Professor Lumby took the fashionable liberal view that nothing is inherently wrong and that all that is required is consent:
ABC reporter: There have been stories of a culture of group sex in rugby league. What do you think of group sex? Do you think it's OK if it's consensual?
Lumby: Speaking as an academic, I think that there's no problem with any behaviour which is consensual in sexual terms.
Again, in 2004, when six rugby players were investigated for having had group sex with a young woman, Professor Lumby insisted that there was nothing inherently right or wrong in what had happened:
The idea that group sex is abhorrent is a very particular view. What matters is that we avoid asserting moral beliefs as moral truths.
Professor Lumby developed a policy for the rugby league which stated that what players really needed was:
ongoing education about how to negotiate sexual encounters in a way which ensures informed consent is always obtained.
Some players took this message to heart, even filming girls on their phones giving consent before the group sex sessions began.
Andrew Bolt does a good job of explaining why consent alone doesn't make an action moral:
The problem is that trusting to consent alone means - for a start - trusting that people are smart enough and strong enough to work out all by their uncertain selves what's good for them.
... even though she consented to the sex - or didn't object - the woman was still left feeling so "useless", so "worthless" and so "really small" that her life collapsed ... She can't forgive Johns and the other men: "If I had a gun I'd shoot them right now. I hate them, they're disgusting ..." she said.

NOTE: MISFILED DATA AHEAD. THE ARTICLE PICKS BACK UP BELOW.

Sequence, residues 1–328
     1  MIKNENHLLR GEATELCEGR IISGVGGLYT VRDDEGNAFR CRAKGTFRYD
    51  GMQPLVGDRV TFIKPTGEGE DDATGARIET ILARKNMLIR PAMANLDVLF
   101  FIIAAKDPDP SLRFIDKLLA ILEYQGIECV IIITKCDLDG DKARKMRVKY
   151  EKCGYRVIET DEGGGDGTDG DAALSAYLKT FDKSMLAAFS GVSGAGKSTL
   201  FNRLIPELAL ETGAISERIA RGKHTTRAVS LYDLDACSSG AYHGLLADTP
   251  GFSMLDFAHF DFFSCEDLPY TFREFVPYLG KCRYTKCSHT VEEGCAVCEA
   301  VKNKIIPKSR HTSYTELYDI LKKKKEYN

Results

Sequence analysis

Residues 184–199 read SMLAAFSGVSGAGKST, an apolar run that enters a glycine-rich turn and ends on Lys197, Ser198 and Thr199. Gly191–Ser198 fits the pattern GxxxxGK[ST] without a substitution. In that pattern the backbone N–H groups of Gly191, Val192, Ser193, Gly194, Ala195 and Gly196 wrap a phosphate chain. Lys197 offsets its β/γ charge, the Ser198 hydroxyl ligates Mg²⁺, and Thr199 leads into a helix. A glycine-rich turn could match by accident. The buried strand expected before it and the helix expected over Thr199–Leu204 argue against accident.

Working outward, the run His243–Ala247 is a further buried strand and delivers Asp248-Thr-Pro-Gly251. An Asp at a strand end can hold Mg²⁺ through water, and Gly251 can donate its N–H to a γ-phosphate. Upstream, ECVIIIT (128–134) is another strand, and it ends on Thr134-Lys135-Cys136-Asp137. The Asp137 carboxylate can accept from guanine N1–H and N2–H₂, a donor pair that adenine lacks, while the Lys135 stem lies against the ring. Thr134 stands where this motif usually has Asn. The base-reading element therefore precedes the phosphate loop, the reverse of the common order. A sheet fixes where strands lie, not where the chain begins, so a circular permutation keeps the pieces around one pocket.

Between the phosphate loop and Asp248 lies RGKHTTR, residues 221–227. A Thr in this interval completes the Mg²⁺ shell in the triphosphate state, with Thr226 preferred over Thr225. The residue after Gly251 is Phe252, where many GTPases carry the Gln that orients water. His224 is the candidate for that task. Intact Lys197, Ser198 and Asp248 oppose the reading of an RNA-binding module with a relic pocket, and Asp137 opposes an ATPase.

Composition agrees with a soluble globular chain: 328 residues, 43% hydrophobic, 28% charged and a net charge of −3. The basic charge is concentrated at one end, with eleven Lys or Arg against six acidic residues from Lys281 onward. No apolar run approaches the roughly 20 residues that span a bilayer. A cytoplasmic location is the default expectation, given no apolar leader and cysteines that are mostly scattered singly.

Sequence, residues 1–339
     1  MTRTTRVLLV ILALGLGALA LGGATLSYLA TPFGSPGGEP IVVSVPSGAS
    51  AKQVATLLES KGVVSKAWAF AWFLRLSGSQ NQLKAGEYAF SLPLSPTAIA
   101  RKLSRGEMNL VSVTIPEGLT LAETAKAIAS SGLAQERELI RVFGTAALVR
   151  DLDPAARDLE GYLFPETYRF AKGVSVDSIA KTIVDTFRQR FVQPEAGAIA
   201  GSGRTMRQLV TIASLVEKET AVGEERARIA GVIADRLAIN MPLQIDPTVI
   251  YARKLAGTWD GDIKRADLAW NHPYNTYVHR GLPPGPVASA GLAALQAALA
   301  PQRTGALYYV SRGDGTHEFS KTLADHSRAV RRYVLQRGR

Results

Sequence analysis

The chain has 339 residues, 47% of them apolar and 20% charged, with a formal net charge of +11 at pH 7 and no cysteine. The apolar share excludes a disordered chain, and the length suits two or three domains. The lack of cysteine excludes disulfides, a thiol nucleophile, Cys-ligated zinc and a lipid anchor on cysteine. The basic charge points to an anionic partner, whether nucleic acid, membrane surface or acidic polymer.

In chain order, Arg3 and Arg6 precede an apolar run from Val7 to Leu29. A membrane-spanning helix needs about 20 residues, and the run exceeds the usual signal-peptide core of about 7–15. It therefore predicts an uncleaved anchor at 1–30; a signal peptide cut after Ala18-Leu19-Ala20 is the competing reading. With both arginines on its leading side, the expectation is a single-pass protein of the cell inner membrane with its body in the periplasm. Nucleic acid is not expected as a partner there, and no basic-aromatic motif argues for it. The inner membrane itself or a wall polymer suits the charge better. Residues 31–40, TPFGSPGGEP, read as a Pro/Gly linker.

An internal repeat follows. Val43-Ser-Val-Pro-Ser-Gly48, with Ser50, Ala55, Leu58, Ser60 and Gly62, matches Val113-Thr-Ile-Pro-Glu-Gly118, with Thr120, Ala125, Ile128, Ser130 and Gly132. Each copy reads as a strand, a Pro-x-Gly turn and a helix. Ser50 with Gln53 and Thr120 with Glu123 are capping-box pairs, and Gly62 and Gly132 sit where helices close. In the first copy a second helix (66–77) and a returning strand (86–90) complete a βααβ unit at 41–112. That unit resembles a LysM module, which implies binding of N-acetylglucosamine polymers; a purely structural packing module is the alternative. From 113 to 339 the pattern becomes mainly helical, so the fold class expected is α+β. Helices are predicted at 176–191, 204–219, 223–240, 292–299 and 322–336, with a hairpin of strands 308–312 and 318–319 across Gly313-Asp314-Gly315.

...But bad judgment is not the only problem with insisting only on “consent”, not morality.
Consent also means it’s every man for himself. That you can do whatever you can force some silly or intimidated woman to agree to, however much it will hurt them.
If this teenager consented to group sex, there was nothing more for Johns and his mates to know. Indeed, none seemed to think they had a duty to protect this young woman from what degraded them all.
She agreed. End of questions. But it hasn’t been the end of the regretting.
That’s what Lumby’s fashionable morality never factored in - the weakness and stupidity of people. Their impulsiveness. Inexperience. The way their judgment gets washed away by booze, or lost in the crowd.
For a Lumby, even a young NRL buck in a bedroom with a naked girl and his mates is a perfectly rational moral agent. And the girl, too.
For a Lumby, the idea that such flighty people be handed moral rules worked out over centuries of collective mistakes and regrets is almost an insult - a crime against freedom.
“Morality is a blueprint for living that someone hands to you,” she’s tut-tutted. But “ethics is a zone we all enter when we find ourselves, by choice or necessity, negotiating those rules”.
Negotiating, in this case, until someone says “yes” to group sex.
Well, a girl in Christchurch did say “yes” when morality would have shouted that she say “no”.